We are particularly interested in processes at the meso level, such as technological fields, sectoral dynamics, and innovation journeys. We combine analysis of ongoing dynamics and the ways in which socio-technical futures are imagined and acted upon, with approaches as Constructive Technology Assessment (CTA) that turn these insights into starting points for scenario-building and engagement with stakeholders.11 Key contributors in this research area are Kornelia Konrad, Stefan Kuhlmann, Klaasjan Visscher, Katrin Hahn, Verena Schulze Greiving, Ellen van Oost.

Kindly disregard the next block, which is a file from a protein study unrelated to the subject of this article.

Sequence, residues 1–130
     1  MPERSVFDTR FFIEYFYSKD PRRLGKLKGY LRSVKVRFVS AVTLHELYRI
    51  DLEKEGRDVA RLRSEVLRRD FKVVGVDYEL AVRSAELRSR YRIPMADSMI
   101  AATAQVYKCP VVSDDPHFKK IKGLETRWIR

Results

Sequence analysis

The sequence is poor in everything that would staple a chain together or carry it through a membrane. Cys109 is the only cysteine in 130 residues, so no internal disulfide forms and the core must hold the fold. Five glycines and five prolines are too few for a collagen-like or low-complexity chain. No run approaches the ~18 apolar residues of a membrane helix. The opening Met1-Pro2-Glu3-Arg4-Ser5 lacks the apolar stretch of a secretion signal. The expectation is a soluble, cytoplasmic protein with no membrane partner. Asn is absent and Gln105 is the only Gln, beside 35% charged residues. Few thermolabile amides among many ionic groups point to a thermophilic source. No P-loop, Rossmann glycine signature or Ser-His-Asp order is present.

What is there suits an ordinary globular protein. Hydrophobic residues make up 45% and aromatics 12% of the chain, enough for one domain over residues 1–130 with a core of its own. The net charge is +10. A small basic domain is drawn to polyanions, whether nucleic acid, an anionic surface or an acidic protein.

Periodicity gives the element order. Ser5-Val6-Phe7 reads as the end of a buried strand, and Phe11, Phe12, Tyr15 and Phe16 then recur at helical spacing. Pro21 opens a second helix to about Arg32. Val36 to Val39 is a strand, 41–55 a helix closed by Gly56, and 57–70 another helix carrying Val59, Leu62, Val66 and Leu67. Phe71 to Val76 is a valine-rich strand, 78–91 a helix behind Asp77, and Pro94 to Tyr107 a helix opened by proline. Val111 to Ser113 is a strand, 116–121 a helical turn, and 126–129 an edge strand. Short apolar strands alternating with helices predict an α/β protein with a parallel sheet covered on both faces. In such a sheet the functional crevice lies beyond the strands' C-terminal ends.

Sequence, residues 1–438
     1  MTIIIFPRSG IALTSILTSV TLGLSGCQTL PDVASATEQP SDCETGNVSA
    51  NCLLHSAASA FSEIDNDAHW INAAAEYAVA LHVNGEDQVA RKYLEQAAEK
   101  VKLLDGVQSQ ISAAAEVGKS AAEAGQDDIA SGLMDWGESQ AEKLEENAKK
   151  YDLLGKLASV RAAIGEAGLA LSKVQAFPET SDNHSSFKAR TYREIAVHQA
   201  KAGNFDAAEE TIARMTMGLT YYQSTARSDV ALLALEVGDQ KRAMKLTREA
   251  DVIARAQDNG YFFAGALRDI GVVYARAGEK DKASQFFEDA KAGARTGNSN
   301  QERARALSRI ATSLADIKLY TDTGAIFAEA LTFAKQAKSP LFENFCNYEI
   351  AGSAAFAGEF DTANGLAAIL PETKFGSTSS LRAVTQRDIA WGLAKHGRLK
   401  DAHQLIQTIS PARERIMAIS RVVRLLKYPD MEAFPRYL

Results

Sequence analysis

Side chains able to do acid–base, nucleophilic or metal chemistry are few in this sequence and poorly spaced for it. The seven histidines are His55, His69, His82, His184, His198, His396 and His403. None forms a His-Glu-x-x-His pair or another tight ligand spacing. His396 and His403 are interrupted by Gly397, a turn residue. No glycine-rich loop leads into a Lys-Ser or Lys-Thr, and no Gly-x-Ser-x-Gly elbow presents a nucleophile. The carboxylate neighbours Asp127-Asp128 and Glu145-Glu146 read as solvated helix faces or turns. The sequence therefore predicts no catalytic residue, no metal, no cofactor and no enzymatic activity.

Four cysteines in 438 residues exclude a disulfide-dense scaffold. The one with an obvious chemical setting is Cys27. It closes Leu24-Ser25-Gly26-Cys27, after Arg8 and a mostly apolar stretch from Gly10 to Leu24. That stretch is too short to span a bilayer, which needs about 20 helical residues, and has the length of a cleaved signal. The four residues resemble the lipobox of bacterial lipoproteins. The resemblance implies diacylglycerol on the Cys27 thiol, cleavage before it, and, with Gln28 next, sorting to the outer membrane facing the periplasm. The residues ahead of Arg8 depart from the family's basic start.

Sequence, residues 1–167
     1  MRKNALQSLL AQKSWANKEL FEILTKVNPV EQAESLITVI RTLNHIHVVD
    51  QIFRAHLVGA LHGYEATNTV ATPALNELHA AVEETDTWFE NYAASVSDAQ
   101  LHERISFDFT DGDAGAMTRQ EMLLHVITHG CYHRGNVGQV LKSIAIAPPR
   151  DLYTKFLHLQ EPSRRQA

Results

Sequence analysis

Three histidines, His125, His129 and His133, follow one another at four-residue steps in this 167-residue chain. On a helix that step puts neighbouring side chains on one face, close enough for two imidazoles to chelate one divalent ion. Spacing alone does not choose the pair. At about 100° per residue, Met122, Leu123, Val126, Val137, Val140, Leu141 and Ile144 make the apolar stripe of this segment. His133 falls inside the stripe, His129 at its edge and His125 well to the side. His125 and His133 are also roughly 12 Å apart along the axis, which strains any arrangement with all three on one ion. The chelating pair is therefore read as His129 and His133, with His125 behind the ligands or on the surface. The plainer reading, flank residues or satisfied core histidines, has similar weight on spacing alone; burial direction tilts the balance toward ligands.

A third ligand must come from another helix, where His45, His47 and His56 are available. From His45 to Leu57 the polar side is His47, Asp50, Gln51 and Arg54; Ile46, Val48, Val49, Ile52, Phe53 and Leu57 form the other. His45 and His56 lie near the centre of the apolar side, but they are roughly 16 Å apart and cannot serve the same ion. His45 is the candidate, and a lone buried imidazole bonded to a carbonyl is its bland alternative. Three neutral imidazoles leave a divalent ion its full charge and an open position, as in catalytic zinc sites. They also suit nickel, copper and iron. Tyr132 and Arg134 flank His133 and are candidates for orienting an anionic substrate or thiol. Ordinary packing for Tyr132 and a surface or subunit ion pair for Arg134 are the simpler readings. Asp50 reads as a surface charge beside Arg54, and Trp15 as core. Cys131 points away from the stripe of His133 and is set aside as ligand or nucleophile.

A recent set of projects has been conducted as part of the Dutch nanotechnology research programme “NanoNextNL” (2006-2016). We investigated visions and requirements around the use of sensor technologies in the food and water sector, with a focus on how collective processes at sector level contributed to ‘demand articulation’ – rather than addressing mainly the dynamics in user communities, or user-producer interactions more common in STS research so far. We used these insights to develop scenarios and discuss and assess future perspectives with suppliers, users and regulators. A similar approach was taken for nanobased technologies in lighting. In a further project, we tailored and used our approach of CTA in a way that it becomes applicable at the level – and under the constraints – of technical research projects, which we consider an important prerequisite towards ‘mainstreaming’ of broader social considerations in technical research – as one form of responsible research and innovation. A third project investigated how diverse anticipatory practices played out in the governance and the impressive rise of technoscientific fields as graphene and 3D printing. (Main contributors are K. Konrad, V. Schulze Greiving, C. Alvial Palavicino, B. Walhout, S. Kuhlmann, H. te Kulve)